Generative AI in copyright law: EBS Professor Hanjo Hamann speaks at conference


EBS Law School Professor Hanjo Hamann will give a lecture on the topic of the reservation of rights for AI training and the legal transaction theory of machine communication.

At the recent conference "Generative AI in the Mirror of Copyright Law", which took place on Friday 23 February 2020 in Berlin and was hosted by EBS Unniversität and other renowned organisers such as the Freie Universität Berlin, FAU Erlangen-Nürnberg and the Universität of Trier, a wide range of topics related to artificial intelligence (AI), a technology that is becoming increasingly important worldwide, were discussed.

Despite the obvious weaknesses of current autonomous image or text generators, the disruptive potential of generative AI is undisputed. Appropriate regulation is currently the subject of intense national and international debate.


This interdisciplinary event analysed systems such as ChatGPT, Stable Diffusion and Midjourney from a copyright perspective. Discussion covered issues of interpretation in current copyright law and explored the potential impact of "creativity at your fingertips" on the copyright system as a whole.


One of the highlights of the conference was a presentation by Professor Hanjo Hamann of EBS Law School. Entitled "Reservation of Rights for AI Training and the Legal Doctrine of Machine Communication", Professor Hamann explored the possibility for creators, including scientists, authors and visual artists, to prevent their works from being used on the internet to train artificial intelligence.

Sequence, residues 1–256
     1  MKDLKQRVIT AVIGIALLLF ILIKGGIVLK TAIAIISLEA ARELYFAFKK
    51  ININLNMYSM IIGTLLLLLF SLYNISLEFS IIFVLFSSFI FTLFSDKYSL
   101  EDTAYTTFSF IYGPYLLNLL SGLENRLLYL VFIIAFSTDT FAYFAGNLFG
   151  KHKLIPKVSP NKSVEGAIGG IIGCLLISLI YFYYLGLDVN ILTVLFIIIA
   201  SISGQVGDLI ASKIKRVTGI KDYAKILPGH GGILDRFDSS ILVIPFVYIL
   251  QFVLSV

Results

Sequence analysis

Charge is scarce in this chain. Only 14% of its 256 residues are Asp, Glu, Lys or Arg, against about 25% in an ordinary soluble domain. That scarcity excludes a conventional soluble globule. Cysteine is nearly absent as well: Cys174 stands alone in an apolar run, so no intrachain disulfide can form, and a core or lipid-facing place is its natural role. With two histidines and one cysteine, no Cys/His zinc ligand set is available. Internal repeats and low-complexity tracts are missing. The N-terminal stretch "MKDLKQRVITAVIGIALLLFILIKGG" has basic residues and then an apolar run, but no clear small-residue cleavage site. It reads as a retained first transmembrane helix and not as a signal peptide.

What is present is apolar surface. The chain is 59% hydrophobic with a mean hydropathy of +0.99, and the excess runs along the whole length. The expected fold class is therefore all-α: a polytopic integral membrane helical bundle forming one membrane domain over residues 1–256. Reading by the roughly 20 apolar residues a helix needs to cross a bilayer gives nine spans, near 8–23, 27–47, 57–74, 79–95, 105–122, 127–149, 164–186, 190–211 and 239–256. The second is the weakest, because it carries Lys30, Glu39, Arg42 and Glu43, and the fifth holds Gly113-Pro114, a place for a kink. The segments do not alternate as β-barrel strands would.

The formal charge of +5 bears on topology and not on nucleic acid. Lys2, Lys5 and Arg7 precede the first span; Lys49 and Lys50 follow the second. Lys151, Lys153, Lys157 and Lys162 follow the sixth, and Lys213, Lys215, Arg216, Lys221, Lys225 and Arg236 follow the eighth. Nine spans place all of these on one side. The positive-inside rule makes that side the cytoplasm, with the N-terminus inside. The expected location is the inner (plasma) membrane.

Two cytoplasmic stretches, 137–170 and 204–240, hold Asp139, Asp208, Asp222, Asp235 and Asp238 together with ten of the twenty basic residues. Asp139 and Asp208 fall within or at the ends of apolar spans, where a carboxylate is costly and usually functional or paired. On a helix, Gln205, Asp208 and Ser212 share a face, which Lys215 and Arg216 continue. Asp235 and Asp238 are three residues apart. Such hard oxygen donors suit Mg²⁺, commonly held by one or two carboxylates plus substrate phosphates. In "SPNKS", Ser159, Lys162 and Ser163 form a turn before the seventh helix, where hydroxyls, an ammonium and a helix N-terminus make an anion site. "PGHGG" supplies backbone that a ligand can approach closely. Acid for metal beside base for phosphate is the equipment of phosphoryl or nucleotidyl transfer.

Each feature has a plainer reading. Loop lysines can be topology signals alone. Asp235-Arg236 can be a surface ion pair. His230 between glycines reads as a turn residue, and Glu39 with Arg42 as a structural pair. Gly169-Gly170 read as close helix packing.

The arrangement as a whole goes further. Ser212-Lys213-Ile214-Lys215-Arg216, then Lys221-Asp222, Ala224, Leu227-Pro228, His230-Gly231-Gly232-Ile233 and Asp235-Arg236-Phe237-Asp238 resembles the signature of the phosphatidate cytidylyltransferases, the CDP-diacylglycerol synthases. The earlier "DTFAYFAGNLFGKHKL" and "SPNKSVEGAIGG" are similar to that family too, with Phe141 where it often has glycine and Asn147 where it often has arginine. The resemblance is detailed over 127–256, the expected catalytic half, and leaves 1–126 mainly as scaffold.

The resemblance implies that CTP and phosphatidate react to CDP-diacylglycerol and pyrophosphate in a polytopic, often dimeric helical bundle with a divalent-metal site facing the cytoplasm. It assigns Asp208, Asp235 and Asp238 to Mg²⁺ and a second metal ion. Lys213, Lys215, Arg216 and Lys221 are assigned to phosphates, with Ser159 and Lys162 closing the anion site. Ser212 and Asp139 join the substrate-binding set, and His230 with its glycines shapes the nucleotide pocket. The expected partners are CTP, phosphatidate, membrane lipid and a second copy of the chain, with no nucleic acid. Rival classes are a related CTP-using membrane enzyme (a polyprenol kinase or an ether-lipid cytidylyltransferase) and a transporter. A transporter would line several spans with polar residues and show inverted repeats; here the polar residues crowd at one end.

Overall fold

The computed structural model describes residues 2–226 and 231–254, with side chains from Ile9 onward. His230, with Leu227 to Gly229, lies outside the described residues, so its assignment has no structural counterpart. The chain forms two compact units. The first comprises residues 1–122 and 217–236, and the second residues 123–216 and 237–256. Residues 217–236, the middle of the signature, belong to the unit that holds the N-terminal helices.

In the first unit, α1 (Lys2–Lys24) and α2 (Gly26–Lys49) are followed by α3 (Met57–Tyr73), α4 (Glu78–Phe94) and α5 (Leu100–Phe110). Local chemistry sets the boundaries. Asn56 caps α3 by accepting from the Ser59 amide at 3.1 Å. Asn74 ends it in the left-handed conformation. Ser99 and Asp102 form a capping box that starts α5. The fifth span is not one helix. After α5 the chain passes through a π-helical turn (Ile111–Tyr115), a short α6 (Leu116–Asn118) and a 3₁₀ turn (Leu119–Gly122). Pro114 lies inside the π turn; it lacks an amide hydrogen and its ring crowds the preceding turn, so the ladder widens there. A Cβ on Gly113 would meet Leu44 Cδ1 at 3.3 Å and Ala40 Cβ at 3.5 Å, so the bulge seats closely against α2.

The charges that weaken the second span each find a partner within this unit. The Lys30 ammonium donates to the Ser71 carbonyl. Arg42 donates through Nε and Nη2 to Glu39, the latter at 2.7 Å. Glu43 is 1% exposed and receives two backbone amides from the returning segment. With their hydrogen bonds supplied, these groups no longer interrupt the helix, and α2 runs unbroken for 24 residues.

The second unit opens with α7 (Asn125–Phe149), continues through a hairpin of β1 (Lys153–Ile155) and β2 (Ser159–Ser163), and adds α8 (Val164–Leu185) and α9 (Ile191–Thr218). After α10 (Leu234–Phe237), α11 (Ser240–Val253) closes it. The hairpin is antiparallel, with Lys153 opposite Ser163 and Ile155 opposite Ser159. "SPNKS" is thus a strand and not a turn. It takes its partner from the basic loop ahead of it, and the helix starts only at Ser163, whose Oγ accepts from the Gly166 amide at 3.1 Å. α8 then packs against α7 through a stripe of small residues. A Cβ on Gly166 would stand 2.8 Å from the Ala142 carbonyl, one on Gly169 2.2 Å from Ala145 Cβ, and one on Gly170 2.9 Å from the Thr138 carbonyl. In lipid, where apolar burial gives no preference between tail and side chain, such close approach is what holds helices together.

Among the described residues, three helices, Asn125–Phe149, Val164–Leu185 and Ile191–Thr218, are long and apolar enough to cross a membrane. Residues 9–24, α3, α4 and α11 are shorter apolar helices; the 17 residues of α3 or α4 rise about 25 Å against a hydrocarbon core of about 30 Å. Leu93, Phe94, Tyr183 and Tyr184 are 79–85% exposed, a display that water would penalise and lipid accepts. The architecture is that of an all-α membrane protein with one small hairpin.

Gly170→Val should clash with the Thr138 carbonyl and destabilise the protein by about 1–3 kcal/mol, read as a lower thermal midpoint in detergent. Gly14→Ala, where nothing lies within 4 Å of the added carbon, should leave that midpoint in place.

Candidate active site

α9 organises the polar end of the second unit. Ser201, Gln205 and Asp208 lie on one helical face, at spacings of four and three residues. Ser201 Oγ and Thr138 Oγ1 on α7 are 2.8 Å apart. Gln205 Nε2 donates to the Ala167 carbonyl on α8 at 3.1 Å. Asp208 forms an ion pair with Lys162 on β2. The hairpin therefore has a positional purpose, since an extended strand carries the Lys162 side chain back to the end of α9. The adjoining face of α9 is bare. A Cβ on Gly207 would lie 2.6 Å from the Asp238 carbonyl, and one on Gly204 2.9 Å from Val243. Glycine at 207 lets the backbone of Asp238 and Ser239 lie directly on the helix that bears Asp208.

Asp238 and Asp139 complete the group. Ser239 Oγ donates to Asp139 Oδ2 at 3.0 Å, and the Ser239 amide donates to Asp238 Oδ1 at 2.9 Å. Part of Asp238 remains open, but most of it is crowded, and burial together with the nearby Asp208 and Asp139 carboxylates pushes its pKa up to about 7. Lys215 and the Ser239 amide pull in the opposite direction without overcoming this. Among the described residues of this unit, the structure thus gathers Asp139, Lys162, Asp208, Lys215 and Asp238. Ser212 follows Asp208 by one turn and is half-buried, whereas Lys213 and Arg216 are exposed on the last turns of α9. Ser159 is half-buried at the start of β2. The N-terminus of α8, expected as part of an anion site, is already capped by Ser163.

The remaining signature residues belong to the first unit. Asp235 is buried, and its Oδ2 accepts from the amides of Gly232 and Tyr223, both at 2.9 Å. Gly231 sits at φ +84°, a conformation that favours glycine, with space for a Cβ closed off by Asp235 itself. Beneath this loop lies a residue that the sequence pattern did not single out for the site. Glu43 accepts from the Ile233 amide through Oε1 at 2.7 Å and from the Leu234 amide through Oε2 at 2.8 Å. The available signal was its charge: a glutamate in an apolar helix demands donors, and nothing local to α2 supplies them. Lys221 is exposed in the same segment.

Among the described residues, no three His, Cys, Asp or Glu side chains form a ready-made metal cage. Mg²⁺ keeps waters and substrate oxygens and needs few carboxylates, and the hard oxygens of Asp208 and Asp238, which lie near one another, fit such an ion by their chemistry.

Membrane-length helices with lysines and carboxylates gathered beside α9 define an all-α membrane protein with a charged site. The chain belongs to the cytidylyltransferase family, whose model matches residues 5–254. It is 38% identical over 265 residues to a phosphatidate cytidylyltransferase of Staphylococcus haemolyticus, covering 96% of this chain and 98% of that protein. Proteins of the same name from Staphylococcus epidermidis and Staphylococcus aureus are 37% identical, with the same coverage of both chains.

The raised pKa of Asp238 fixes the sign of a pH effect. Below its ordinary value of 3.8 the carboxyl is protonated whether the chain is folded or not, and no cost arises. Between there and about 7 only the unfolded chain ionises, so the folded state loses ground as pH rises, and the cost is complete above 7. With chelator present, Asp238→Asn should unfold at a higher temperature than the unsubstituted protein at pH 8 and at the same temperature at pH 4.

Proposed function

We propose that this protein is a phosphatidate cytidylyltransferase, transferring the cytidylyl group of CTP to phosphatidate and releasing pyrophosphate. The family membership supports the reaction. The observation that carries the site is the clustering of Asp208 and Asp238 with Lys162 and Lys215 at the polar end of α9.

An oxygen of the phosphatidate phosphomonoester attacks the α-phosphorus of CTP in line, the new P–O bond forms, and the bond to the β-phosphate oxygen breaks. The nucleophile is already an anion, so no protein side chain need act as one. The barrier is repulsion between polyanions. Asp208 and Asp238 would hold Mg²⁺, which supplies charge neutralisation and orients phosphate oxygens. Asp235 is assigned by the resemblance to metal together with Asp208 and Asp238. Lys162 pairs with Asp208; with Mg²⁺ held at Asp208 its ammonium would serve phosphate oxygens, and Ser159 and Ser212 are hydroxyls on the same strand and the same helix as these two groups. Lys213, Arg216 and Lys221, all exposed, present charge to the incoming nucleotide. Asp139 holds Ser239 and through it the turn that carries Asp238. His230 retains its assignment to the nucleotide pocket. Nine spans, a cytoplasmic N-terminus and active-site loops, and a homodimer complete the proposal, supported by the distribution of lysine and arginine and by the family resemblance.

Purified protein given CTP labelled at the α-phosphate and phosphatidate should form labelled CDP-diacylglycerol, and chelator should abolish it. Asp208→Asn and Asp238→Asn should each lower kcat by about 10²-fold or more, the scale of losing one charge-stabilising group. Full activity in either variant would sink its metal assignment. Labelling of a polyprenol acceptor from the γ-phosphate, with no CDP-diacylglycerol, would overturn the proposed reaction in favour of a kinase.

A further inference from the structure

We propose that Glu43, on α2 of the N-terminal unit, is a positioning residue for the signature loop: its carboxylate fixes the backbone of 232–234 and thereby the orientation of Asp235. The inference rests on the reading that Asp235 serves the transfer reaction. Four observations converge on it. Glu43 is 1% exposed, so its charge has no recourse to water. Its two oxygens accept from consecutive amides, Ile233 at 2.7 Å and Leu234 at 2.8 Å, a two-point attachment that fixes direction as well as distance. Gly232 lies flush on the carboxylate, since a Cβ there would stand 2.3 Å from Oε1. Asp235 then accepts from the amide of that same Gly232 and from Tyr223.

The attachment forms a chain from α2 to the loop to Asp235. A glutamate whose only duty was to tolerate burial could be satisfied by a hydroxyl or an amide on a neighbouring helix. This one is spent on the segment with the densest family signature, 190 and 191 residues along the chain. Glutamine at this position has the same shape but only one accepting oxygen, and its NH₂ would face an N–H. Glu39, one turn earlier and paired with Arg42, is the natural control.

In his presentation, Professor Hamann argued that although the legal possibility of objecting to the use of works for AI training exists, it is hardly feasible due to a lack of legislative understanding of machine text processing and the technical complexity of the objection. He also highlighted that currently only rights holders with significant technical and legal resources can effectively object, which particularly favours large publishers, platforms and data collectors.

Professor Hamann's presentation provided important insights into the challenges and ambiguities facing creators in the age of artificial intelligence, and encouraged further discussion on the development of policies and protections for intellectual property in this changing landscape.





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